Today, GSK released disappointing clinical results for a new respiratory drug it hoped would bring in billions of pounds worth of sales.
Breo, a treatment for asthma and chronic obstructive pulmonary disease (COPD), managed to extend life expectancy by just 12.2 per cent among a patient sample size of 16,500 from 43 countries around the world.
Read more: Thirty years of mosquitoes, failed trials and few financial rewards: The rocky road to creating the world's first malaria vaccine
Although this is a slight improvement compared with having no treatment at all, the difference is too small to be considered statistically significant.
The news doesn't bode well for sales of the medicine, which had originally been expected to reach $1.5bn (£980m) by 2020, according to Thomson Reuters Cortellis.
Co-developed with US biopharma company Theravance, the inhaled medicine was first approved to treat the disease in Europe and the US in 2013. GSK has been hoping to use it to replace its flagship drug Advair, which has suffered a decline in sales due to stiff competition from cheaper generics.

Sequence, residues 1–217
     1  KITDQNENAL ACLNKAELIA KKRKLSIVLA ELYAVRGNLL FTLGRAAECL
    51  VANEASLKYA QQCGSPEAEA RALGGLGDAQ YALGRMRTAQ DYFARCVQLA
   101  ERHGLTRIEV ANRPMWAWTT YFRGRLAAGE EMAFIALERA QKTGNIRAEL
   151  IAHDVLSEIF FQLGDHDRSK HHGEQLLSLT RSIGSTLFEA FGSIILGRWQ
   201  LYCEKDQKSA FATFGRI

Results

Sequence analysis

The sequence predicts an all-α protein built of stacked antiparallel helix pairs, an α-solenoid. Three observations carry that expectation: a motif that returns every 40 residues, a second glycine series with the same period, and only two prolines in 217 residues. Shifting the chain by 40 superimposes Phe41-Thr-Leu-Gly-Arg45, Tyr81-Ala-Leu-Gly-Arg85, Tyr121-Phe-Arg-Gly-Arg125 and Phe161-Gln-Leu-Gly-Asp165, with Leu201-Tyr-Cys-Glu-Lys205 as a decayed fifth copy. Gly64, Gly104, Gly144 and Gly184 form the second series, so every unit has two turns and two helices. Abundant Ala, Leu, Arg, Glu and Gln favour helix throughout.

Breo is considered an improvement on Adavir because it requires only one dose a day, compared to two doses for the latter.
Shares in the UK pharmaceutical giant were hit by this morning's news, initially falling 1.5 per cent. Shares in Nasdaq-listed Theravance, meanwhile, plunged 15 per cent in pre-market trading.
9 September 2015 @ 10:30amGlaxoSmithKline (GSK)